Palin's New Role: Traditional Running Mate
Vice Presidential Nominee Fiercely Attacking Opposition While Courting GOP Base

By Perry Bacon Jr.
Washington Post Staff Writer
Saturday, October 11, 2008

WILMINGTON, Ohio -- In her initial days as a vice presidential candidate, Alaska Gov. Sarah Palin sought to reach beyond the Republican base to independents and moderate Democrats dissatisfied with Sen. Barack Obama. At campaign events, she praised Sen. Hillary Rodham Clinton (D-N.Y.) and openly courted her former supporters, while highlighting her own husband's union membership.

But since last week's vice presidential debate, Palin has taken on the role of a more traditional running mate, serving as a fierce critic of Obama and playing to her party's core supporters. Little of the "lipstick" humor of her speech at the Republican National Convention remains, and praise for Clinton, a stump-speech line often met with silence, has disappeared.

Most of Palin's interviews are now with conservative outlets and her campaign appearances in GOP strongholds, where crowds chant her name as she rips into Obama at one stop after another.

"Ladies and gentlemen, this election is about the truthfulness and judgment needed in our next president," Palin told a cheering crowd of more than 1,000 here on Thursday. "John McCain has it, Barack Obama doesn't."

Tracey Schmitt, a Palin spokeswoman, said that the governor has maintained her "broad appeal" and that she remains a powerful force with independents. "The enthusiasm isn't just from the party faithful, but from people who don't traditionally support Republicans and are inspired by a working mom who has a unique and important real-world perspective," she said.

Palin will target fellow hockey moms when she drops the ceremonial first puck at the Philadelphia Flyers game on Saturday night.

But Democratic strategists say Palin's increased attacks will limit her appeal to conservatives. They also contend that she was largely forced into her new role by uneven performances during a series of television interviews that left voters doubting her qualifications.

"The economic trauma of the last few weeks, combined with her stumbles with Katie Couric and the way Tina Fey lampooned them, significantly limits her utility on the stump," said Phil Singer, who was deputy communications director for Clinton's Democratic primary campaign. "She can't use the basic tools that candidates use to reach swing voters."

The Obama campaign has relied on its vice presidential nominee, Sen. Joseph R. Biden Jr. (Del.), to counter Palin, and last week he called her focus on connections between Vietnam War-era radical William Ayers and Obama "completely wrong" for a vice presidential candidate to discuss.

The McCain campaign has sought to link Obama to Ayers, who was involved in domestic bombings as part of the Weather Underground group when Obama was a child. Ayers has since become a professor and is involved with education issues in Chicago. Obama attended a political event at Ayers's house in 1995 in support of his first campaign and has sat on education-related boards with Ayers, but the two are not said to be close.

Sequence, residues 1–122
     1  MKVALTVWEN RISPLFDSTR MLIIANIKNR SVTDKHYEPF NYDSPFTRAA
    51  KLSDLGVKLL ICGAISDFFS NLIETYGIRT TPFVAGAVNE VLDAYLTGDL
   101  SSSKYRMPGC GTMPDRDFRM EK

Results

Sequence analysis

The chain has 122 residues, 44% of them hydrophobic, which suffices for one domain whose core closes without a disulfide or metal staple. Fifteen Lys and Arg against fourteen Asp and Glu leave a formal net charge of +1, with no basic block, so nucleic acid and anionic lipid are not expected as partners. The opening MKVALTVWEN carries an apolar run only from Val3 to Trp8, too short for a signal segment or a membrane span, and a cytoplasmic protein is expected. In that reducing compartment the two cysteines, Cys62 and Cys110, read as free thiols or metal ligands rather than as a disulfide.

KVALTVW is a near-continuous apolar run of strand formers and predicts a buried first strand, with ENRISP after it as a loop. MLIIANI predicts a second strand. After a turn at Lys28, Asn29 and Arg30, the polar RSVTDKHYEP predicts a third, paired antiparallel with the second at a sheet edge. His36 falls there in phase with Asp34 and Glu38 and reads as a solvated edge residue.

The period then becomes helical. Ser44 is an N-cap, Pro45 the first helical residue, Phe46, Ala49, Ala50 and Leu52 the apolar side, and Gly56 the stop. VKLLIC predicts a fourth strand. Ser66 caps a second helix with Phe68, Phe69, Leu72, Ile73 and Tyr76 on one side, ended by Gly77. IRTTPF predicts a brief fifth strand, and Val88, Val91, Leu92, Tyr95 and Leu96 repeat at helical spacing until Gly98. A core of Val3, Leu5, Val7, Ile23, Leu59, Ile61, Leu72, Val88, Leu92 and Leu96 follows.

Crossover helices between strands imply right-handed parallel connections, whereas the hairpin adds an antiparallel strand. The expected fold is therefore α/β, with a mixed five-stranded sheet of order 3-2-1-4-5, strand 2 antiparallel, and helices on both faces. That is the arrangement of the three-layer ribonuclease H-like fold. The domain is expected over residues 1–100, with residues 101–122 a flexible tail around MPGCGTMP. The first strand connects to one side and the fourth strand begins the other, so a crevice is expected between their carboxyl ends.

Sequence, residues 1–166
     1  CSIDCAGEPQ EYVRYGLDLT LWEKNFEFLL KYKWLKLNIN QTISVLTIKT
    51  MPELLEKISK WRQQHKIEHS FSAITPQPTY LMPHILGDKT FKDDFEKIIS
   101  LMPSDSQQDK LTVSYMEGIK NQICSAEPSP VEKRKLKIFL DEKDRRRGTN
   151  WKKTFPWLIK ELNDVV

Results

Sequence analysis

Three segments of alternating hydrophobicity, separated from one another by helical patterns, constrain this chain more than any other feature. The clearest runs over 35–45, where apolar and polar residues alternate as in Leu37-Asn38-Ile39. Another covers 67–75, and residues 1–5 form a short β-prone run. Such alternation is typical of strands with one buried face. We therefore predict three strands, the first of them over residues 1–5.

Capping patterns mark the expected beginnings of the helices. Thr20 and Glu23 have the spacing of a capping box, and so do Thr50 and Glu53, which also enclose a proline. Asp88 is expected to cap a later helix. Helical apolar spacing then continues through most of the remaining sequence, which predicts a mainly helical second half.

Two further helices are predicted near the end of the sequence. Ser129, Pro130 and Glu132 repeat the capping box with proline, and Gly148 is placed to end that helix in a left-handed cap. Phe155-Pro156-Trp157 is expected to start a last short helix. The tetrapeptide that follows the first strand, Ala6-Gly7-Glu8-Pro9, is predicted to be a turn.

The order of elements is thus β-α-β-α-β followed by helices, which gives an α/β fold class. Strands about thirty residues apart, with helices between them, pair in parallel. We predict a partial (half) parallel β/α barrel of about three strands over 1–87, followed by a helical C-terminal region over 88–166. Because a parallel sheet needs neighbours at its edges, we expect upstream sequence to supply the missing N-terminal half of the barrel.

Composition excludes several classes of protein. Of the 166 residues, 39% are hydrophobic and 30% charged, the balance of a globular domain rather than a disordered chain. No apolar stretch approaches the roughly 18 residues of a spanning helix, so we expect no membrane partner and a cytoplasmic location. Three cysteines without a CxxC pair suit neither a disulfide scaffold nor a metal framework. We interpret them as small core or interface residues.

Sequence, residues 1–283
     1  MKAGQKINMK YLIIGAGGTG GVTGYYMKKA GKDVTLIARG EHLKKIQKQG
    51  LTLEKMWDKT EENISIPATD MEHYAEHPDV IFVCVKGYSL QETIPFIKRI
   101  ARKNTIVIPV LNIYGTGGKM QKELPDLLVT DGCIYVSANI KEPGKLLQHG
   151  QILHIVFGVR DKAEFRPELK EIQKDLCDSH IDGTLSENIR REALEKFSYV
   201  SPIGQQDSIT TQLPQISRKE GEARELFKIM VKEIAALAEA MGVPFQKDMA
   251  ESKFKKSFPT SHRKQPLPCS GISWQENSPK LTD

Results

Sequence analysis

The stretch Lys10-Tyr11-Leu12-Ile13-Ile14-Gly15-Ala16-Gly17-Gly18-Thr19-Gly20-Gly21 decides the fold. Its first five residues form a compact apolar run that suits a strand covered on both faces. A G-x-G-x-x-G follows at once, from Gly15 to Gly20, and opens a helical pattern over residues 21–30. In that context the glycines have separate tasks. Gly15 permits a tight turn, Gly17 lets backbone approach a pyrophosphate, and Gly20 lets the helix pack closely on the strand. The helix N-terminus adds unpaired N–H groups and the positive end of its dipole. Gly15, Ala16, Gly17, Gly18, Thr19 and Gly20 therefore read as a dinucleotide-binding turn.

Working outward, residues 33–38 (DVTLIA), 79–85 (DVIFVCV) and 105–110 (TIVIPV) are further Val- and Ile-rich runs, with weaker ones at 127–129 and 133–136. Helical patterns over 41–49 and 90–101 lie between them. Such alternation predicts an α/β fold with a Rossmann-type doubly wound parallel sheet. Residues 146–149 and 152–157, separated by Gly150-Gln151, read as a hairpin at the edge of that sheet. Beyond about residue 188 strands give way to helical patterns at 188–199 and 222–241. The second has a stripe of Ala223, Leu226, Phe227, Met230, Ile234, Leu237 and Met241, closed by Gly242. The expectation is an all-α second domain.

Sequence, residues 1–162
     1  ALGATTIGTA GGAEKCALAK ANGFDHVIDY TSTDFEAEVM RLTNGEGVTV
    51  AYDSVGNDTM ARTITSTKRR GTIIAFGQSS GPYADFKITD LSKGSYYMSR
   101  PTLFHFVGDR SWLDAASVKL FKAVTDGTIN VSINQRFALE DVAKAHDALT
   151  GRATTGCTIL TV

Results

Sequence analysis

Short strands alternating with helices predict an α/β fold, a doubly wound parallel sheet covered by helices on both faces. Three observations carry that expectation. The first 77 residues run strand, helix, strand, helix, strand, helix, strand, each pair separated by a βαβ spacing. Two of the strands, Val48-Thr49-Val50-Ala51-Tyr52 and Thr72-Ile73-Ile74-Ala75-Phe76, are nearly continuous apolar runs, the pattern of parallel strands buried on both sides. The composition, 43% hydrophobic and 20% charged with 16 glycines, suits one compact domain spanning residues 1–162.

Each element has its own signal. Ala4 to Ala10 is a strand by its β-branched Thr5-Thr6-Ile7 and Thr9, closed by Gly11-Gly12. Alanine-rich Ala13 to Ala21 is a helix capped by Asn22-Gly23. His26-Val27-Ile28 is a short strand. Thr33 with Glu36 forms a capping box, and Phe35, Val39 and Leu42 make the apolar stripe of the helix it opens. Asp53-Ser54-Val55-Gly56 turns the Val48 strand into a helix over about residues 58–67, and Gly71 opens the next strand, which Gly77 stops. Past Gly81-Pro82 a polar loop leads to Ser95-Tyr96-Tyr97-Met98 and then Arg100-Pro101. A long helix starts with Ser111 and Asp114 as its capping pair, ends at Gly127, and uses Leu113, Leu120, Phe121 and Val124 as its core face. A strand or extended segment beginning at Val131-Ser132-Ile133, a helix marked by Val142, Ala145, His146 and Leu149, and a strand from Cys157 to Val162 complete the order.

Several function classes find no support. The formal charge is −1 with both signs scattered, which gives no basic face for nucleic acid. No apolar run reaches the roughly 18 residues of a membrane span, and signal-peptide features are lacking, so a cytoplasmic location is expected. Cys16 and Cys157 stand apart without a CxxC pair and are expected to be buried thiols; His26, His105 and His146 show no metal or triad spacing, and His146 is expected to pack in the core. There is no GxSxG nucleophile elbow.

Palin launched some of her attacks on Ayers on Laura Ingraham's conservative talk radio show on Thursday, and criticized Obama as "so far out of the mainstream." A day earlier, she appeared on two Fox News programs -- one with conservative host Sean Hannity and the other with Greta Van Susteren -- and most of her recent national interviews have been with conservative outlets. Palin has also started giving interviews to local television stations, and she spoke with reporters on her campaign plane for the first time this week.

Palin's recent campaign stops have been in Republican bastions, such as Pensacola, Fla., where conservative-heavy crowds cheered loudly as she cast Obama as weak on defense. She promises to uphold a "culture of life," a phrase that McCain rarely invokes in referring to his opposition to abortion rights.

"Our opponents' agenda -- higher taxes and bigger government and activist courts and retreat in war -- that's not the right track for America, that's another dead end," she said in Greenville, N.C., on Tuesday.

Palin's schedule is also packed with fundraisers in front of supporters. Instead of holding any public events Friday, she spent the day at fundraisers in Cincinnati, Cleveland and Pittsburgh. She will attend several fundraising events next week as well.

"These are the kinds of things that vice presidential candidates do," said Rich Galen, a top adviser to former senator Fred D. Thompson (R-Tenn.) during his presidential run. "They realized they could maximize her by not having her spend time with McCain."

Amid the initial enthusiasm and curiosity about Palin, McCain advisers said the pair would often appear together. But with McCain's poll numbers falling in many swing states, Palin's solo travels allow the campaign to reach more voters in more places.

The governor draws crowds packed with women who bring their daughters. Much of the enthusiasm is directed at her, rather than McCain, with signs that say things such as "Sarah Is Our Future" and "Read My Lipstick."

Conversely, the crowds at Biden's rallies focus on Obama, with chants such as "Yes, we can," Obama's familiar catchphrase. At Palin events, it's "Sarah, Sarah," leaving it to the Alaska governor to praise McCain.

"Voters are flocking by the thousands to hear her," Schmitt said.

Jennifer M. Palmieri, communications director at the liberal Center for American Progress, said Palin is unlikely to win many independents or former Clinton backers, but doubts that is the campaign's goal at this point.

She "has settled into the role she has always been best suited to play: hero of the conservative base," Palmieri said.

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